Most (all?) of the students in the program are Ph.D. students, although the program theoretically includes Master’s study as well. The Ph.D. students will take 1-2 years of coursework in Egypt, then come to Blacksburg to complete their studies on the main campus of Virginia Tech. Courses are being offered via three methods: (1) visiting faculty, such as myself, offering courses in Egypt on a compressed schedule, (2) videoconference courses delivered from Blacksburg, and (3) courses taught by local faculty, who are chosen to be adjunct VT faculty.

This semester, the program is starting with about 12 students. Most of them are on what you might describe as the “faculty track” in Egypt, although it is much different than the faculty track in the US. (Namely, prospective professors join the tenure track after completing their Master’s degrees, then go off to get their Ph.D.s after being accepted to an appropriate program, and then return to Egypt at the rank of Instructor. Then they progress through the ranks of Assistant, Associate, and Full Professor.) And I believe that all of them are taking at least one of the two courses that I am teaching.

After one week, I am quite impressed with the students. Their backgrounds are quite varied, and some are certainly stronger than others, but they are eager to learn, and they participate actively in class. The two classes may well be the two most interactive classes that I have taught since coming to Virginia Tech. I actually had to shut down discussion in one class on Tuesday so that we could get on with the topics at hand. This is not a problem that I have ever had in Blacksburg. (Although perhaps this speaks to my growth as a teacher as well as the characteristics of the students…)

There is a major problem which is not yet resolved. We still don’t have textbooks. Yasser thought that the books would be available in Cairo, as all of the books for the classes being taught locally and by videoconference this semester have been available there. But they weren’t; a fact not discovered until Sunday. So, we considered having them shipped from Blacksburg, but then the plan was changed to have them picked up in London and shipped by the AAST staff in London. Unfortunately, the AAST staff in London were almost all on vacation this week, and they couldn’t help. They were going to be ordered from Europe, and the book for one course was ordered. The book for the other course turned out not to be available from the chosen sources in Europe, though, and has now been ordered from sources in the US. The students may have to share a couple of copies, but at least they will have access to the book.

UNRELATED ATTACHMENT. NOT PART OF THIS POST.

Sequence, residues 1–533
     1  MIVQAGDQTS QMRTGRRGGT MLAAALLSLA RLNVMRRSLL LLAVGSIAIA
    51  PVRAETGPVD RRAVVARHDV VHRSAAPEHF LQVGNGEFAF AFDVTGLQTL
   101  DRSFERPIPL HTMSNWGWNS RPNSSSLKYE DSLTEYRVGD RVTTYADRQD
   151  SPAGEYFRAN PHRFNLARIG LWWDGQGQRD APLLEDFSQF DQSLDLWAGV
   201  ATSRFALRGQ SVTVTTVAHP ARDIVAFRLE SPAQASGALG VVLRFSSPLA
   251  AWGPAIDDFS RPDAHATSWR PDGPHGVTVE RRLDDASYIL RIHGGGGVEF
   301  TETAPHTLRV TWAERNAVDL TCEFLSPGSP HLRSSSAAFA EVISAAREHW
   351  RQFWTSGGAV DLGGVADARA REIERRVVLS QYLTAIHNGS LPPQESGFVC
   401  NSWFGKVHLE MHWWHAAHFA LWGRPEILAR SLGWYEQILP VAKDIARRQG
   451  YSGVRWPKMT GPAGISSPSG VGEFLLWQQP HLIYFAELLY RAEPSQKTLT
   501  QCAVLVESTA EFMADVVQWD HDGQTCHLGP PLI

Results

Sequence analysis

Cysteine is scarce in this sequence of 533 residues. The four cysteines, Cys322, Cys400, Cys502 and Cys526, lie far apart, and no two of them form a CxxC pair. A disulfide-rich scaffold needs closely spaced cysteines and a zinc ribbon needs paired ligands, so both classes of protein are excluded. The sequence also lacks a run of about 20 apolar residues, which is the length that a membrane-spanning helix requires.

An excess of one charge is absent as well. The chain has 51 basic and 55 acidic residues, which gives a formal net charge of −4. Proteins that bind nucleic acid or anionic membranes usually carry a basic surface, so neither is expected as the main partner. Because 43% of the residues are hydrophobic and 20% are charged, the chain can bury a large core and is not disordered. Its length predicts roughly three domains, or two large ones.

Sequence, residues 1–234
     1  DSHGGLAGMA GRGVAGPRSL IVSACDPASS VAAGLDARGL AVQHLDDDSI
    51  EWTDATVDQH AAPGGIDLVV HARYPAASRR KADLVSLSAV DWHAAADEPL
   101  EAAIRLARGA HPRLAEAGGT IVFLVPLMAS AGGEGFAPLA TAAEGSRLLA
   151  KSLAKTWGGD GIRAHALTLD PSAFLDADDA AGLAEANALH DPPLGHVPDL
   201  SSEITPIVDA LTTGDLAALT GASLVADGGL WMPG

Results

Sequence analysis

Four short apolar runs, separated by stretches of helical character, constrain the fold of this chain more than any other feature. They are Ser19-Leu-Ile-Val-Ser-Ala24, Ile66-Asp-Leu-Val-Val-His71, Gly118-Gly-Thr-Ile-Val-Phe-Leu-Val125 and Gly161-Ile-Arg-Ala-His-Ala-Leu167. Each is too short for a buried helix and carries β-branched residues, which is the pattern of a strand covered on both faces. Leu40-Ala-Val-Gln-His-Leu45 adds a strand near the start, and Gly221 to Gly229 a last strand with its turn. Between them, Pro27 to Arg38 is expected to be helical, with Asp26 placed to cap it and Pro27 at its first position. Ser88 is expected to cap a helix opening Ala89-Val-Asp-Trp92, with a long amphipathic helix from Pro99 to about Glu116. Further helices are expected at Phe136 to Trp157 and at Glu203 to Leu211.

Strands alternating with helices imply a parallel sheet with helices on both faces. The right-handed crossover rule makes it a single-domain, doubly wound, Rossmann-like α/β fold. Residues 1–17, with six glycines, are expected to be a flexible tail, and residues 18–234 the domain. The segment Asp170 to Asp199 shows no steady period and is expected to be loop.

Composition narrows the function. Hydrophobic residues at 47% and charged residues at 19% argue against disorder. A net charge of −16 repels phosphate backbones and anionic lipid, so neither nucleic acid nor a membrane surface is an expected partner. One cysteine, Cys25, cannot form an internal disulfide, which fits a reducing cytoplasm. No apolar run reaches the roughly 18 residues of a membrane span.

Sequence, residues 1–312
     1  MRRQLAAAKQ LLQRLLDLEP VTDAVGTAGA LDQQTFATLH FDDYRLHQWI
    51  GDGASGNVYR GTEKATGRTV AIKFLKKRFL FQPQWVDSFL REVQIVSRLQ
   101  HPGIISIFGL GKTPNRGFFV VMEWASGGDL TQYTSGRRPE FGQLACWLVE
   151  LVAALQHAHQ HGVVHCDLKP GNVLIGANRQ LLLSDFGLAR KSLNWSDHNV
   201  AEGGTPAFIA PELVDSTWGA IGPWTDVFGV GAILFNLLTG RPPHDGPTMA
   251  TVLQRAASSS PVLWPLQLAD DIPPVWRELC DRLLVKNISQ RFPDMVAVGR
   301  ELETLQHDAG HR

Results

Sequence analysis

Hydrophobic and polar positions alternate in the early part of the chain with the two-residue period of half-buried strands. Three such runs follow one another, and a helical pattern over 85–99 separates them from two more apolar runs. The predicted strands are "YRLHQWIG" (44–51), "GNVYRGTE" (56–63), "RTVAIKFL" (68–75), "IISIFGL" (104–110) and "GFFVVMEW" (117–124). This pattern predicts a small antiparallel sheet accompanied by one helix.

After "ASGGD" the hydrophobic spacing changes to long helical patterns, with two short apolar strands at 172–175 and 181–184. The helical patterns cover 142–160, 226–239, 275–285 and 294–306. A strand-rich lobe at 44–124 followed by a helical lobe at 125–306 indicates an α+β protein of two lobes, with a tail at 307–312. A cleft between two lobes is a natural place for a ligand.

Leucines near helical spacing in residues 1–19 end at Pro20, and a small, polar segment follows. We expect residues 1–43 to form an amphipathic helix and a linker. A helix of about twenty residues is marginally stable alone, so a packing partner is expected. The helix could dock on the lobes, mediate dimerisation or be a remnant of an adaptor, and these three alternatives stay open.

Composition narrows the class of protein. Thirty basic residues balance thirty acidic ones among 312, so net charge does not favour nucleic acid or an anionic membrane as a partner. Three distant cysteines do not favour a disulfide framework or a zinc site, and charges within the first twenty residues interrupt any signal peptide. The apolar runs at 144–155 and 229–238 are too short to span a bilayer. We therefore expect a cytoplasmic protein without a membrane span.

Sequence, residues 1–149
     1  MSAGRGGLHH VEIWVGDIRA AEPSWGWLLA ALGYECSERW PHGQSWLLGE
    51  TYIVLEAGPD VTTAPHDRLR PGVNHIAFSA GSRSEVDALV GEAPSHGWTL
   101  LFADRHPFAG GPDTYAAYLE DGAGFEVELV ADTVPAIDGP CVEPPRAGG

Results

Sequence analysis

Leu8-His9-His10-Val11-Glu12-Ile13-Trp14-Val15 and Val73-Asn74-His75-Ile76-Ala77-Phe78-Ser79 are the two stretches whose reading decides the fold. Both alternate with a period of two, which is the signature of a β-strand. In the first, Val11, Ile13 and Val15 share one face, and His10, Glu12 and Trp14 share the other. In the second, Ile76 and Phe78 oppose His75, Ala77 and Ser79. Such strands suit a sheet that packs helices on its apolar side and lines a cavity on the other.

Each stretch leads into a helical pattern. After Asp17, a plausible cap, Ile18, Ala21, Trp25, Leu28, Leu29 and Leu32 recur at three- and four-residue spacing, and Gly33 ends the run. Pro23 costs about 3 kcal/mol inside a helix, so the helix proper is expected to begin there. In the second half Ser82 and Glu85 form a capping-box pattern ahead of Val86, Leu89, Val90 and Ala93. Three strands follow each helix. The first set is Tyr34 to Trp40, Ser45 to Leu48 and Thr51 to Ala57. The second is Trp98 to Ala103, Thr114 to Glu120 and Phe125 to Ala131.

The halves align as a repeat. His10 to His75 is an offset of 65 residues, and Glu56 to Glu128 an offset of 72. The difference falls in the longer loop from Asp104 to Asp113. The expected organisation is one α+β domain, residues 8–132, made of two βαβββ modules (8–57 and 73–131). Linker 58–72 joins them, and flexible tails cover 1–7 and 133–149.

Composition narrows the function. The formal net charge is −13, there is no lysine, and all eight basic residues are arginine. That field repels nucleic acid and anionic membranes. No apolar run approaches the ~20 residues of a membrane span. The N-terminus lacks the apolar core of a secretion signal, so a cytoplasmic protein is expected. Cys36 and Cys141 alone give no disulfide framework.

Our basic routine for Monday – Thursday has become this: I get up around 7, we take breakfast at 8, and then head over to the academic building. Becky uses the internet connection in my office, while I teach my two courses from 9 – 10:35 and 11 – 12:35. Then, we come back to the dorm for lunch. Becky spends the afternoon at the dorm, while I go back to the office, prepare course materials, and handle other business (e.g. Email) until almost dinner time. Then Becky and I take a walk around campus before dinner at 7. We spend the remainder of the evening in the dorm, although I often continue working. I’m trying (without much success) to get ahead in preparation for the travel and visits we have planned for the coming weeks.

On Wednesday afternoon, Yasser and Aleea (sp?), the Dean of Continuing Education, took us out to “lunch.” I say “lunch” as it started at 2 and we didn’t get back to the Academy until 6 – blowing my entire afternoon of work!?! We went to Samakmak, another seafood restaurant. The food was even better than the Fish Market!!! The same basic dishes were served, but they were more flavorful and better prepared. (Something I might have thought impossible a few days ago…) The Fish Market has a much better view, looking out on the Mediterranean and over much of Alexandria, though, so for the whole package I’d say it’s a toss up. (The guidebook suggests that Samakmak may actually be quite cheap by American standards. This was not the case at the Fish Market, which was quite reasonable by American standards, but not cheap. I wouldn’t really know, though, as we have paid for almost nothing.)

Becky had asked about “real” Egyptian desserts, so after Samakmak, we went elsewhere for dessert. We had some baklava and something else, but most interesting was the O Ma Ali or “mother of Ali.” This was some sort of pastry, placed in a bowl, soaked in sweet milk, then baked. It was unique, and very rich. I couldn’t eat much after our fish feast.

After this, we took a brief walk with Yasser, who showed us the oldest and most famous mosque in Alexandria. He also showed us a small area which is what you might describe as an amusement park for poor children. It was setup along the sides of a street, and they had many “rides,” mostly human powered, which went round and round or swung back and forth – all brightly painted – and some other games, like shooting tiny targets with BB guns. Unfortunately, I didn’t have my camera with me for any of this, so maybe we’ll go back.

Thursday evening, we went back to the mall. It was mostly an experiment, though, in going out on our own, as we went with a driver we hired (on a recommendation from Yasser). Hence, it was our first unaccompanied trip out of the Academy. I myself am somewhat eager to just take a cab. Our “handlers” seem to have a rather distorted view of our standards of comfort. I suspect that this is due to the fact that professors seem to be in a much higher social class in Egypt than in the US.